My Guide to Endoscopies for Crohn’s, Part 1

My Guide to Endoscopies for Crohn’s, Part 1
lisa burks First in a series. Gastroenterologists order several different tests so that they can get a better overall picture of your Crohn’s disease. Endoscopies are the most common tests, and the three main types are upper endoscopy, colonoscopy, and a pill camera (or capsule) endoscopy. In this series, I will explain each endoscopy and what to expect if your doctor orders one for you.

What is an endoscopy?

An endoscopy involves a thin, flexible tube called an endoscope that is introduced into the body to look at an internal organ. A tiny camera at the tip of the endoscope transmits images to a screen. Endoscopies are performed in a hospital's day surgery unit or endoscopy lab and are typically carried out under sedation for the patient's comfort. Although all procedures have risks, endoscopies are relatively safe and complications are rare.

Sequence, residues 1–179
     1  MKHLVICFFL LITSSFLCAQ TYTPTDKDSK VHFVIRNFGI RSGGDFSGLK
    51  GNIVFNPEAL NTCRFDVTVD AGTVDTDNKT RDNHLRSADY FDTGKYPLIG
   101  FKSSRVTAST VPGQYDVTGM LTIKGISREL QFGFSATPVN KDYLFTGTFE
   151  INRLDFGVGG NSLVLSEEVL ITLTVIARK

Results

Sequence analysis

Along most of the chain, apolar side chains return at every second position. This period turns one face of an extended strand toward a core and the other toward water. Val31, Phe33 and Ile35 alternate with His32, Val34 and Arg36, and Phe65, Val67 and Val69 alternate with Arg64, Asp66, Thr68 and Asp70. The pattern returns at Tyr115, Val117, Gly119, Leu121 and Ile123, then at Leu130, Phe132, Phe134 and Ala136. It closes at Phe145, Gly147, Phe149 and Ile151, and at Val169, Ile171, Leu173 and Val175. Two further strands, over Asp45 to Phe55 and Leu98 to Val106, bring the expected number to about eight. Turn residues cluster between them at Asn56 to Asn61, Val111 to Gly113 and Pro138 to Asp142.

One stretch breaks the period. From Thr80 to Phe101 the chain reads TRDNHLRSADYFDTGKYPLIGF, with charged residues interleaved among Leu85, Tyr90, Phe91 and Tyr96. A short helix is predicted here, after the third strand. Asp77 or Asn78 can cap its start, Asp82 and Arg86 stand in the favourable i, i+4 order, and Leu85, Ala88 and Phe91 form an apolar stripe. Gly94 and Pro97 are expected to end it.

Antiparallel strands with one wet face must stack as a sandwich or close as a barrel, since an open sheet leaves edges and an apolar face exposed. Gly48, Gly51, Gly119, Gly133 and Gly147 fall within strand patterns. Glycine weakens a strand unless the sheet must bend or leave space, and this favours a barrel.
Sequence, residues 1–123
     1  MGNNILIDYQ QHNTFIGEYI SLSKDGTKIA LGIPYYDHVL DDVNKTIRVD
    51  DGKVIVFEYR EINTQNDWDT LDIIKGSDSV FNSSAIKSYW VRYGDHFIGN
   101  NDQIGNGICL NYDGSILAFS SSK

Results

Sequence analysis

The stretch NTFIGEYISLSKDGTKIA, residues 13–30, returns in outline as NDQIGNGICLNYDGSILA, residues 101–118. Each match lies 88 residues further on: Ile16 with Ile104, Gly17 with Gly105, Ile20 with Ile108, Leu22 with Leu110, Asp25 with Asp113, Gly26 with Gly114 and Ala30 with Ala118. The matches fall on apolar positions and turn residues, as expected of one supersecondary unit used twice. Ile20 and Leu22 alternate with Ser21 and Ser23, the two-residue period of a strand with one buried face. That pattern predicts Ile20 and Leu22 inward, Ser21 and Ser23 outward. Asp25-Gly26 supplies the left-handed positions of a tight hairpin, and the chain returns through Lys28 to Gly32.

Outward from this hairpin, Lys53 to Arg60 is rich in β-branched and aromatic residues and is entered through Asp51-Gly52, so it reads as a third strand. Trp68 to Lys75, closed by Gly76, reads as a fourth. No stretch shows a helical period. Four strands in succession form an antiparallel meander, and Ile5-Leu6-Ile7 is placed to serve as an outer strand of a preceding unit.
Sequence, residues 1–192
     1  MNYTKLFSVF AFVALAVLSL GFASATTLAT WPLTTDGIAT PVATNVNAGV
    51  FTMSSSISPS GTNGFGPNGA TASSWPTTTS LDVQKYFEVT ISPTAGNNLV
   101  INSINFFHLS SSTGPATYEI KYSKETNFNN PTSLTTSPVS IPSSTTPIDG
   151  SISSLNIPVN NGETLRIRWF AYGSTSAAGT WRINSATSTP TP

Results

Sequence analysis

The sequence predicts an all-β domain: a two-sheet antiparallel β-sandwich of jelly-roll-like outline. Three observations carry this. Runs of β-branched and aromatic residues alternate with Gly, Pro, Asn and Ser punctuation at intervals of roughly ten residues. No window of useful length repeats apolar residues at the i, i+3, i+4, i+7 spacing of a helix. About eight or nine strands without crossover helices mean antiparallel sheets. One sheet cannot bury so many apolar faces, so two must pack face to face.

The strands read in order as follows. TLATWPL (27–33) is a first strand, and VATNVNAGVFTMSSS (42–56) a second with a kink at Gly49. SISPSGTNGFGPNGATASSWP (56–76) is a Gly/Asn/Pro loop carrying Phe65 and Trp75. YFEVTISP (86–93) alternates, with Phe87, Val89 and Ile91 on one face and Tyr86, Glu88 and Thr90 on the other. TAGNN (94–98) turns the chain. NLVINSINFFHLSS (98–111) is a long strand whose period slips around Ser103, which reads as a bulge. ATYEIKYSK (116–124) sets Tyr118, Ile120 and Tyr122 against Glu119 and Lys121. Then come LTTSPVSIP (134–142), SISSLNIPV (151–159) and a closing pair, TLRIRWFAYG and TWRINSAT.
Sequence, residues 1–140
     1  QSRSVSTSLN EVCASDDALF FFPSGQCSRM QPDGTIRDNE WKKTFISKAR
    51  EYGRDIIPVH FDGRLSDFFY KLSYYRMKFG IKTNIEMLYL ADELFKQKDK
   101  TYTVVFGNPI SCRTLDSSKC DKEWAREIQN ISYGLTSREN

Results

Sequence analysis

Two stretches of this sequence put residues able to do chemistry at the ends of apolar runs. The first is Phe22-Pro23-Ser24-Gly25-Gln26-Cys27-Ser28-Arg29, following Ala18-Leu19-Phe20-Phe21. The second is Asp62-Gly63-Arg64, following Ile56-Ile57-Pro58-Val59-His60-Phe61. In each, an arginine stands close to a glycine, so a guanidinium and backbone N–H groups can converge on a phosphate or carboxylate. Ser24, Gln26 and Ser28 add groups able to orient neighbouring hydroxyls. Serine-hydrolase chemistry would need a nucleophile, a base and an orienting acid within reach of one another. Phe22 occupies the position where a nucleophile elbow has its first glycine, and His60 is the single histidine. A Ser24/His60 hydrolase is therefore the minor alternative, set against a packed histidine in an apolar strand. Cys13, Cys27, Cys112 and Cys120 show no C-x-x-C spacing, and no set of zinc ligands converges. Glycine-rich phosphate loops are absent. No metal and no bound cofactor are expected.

What is an upper endoscopy?

An upper endoscopy examines the esophagus, stomach, and beginning of the small intestine. The procedure, also known as an esophagogastroduodenoscopy (EGD), is used to diagnose or treat conditions that affect the upper digestive tract. So, if you are experiencing symptoms such as stomach pain, nausea, vomiting, gastrointestinal bleeding, or trouble swallowing, an EGD can help your doctor figure out what’s go
Subscribe or to access all post and page content.

Leave a Comment

Your email address will not be published. Required fields are marked *